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Oktibbeha schools to change policies

September 6, 2012


The Oktibbeha County School District Board of Directors unanimously approved three policy changes at its meeting Thursday, two of which brought the district’s policies into compliance with state policies.

Through these revisions, the district will no longer take a Carnegie unit away from a student if he or she misses a class more than 20 times, so long as the student passes the class. It will also no longer use parent care as an option for student placement or give one unexcused absence to a student who is late to class three times. Finally, the district has revised its response to violations of its cellular phone policy, calling parents before resorting to in-school suspensions.

OCSD Superintendent James Covington said Mississippi Attorney General Jim Hood advised the OCSD and other schools that even if a student misses more than 20 days of a class, that does not mean the district can deny the student the class’s Carnegie unit.

“If the child has passed the course, we’ve got to give them credit, no matter how many days they miss,” Covington said.

Regarding tardies and unexcused absences, Covington said there was confusion as to which day would be marked as an unexcused absence if a student were late on three different days.

In the context of Thursday’s board decision, Covington said, parent care refers to students removed from school for behavioral reasons and placed under their parents’ care until a resolution can be made. He said the state office of accreditation has told the school district students can only be removed from school through a suspension — either in school or out of school — or through expulsion.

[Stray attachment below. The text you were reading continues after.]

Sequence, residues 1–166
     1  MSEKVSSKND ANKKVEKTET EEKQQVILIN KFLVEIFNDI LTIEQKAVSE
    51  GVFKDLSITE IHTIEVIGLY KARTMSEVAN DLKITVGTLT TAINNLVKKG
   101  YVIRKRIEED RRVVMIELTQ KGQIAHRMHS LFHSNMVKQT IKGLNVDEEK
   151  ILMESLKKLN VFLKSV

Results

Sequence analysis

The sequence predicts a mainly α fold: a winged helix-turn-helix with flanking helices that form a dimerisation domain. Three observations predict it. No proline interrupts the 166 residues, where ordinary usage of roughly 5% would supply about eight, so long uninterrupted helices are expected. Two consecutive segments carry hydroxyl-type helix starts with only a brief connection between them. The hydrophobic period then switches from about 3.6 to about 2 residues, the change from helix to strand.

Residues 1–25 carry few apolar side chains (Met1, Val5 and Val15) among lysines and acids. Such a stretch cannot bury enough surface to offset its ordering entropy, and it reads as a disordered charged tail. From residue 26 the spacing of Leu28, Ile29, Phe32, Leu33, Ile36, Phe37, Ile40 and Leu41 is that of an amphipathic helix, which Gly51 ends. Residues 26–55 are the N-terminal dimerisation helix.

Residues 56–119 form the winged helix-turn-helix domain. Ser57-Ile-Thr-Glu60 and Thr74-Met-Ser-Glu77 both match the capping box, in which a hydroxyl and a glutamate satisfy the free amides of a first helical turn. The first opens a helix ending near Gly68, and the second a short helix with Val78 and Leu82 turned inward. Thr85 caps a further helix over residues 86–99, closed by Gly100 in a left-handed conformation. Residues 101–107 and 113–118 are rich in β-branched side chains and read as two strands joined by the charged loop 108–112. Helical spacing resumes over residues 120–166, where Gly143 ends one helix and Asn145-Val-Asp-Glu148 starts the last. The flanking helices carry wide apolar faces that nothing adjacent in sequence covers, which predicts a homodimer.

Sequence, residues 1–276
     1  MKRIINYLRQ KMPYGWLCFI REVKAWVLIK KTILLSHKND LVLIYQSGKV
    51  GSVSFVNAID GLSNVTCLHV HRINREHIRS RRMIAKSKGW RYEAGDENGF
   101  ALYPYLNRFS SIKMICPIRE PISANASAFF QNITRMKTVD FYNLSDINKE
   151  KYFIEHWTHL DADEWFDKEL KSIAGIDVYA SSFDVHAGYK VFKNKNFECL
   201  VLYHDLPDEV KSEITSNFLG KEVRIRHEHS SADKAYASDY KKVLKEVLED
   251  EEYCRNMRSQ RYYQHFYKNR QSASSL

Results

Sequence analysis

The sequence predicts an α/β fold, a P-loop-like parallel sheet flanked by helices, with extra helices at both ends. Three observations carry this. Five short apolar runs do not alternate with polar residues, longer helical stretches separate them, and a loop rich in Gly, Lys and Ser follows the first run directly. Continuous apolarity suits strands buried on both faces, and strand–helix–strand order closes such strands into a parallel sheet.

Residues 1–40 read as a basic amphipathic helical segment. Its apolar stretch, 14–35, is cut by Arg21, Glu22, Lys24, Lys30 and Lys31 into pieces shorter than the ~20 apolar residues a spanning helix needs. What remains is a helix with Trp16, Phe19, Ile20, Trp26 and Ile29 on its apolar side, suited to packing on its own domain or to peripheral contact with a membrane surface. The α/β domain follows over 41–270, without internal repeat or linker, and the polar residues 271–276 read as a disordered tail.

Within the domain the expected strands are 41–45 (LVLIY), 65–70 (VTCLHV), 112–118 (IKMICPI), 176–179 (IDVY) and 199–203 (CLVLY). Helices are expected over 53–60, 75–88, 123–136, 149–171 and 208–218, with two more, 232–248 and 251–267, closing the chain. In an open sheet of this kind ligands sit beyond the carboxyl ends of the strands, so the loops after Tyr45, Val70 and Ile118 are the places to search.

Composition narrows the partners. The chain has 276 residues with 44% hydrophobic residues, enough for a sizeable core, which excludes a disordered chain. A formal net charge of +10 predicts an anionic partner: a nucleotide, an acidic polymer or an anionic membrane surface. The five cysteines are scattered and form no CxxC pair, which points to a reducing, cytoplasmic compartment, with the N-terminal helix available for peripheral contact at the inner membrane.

Covington said the new cell phone policy inverts the infraction responses the district previously had in place. Until now, he said, district schools have responded to first infractions with an in-school suspension and called parents after the second infractions.

“Hopefully, we can let the parent come get (the cell phone) first and then conference with the parent, and then the kid doesn’t do it again the next time,” Covington said. “Maybe the parent will do enough that the kid doesn’t have to go to (in-school suspension).”

When the cell phone policy was discussed, board member Cynthia Ward alluded to a different change to cell phone policy not on the agenda for Thursday’s meeting, which she said Covington had brought up in July. Covington said he was interested in returning to this possibility at a later meeting.

“What we were talking about is looking into a junior Crimestoppers program,” Covington said after the meeting. “It is a ... program where students have use of cell phones (to report crimes). If we decide to implement that Crimestoppers initiative, then we will have to revisit that cell phone (policy).”

Covington said students are currently not allowed to bring cell phones to school. Ward said while she does not want students texting or playing games during class, she does support students’ responsible use of cell phones in emergency circumstances. Multiple college and high school campuses have had students bring guns to school, she said, and cell phone use could prevent violent outbreaks.

“If a gunman is in one class, maybe someone in the next class can text 911,” Ward said. “We just need to have our students have a way to reach outside the school. I just hope we will be able to revisit that (Crimestoppers) policy and implement it. I think the kids will step up to the challenge.”

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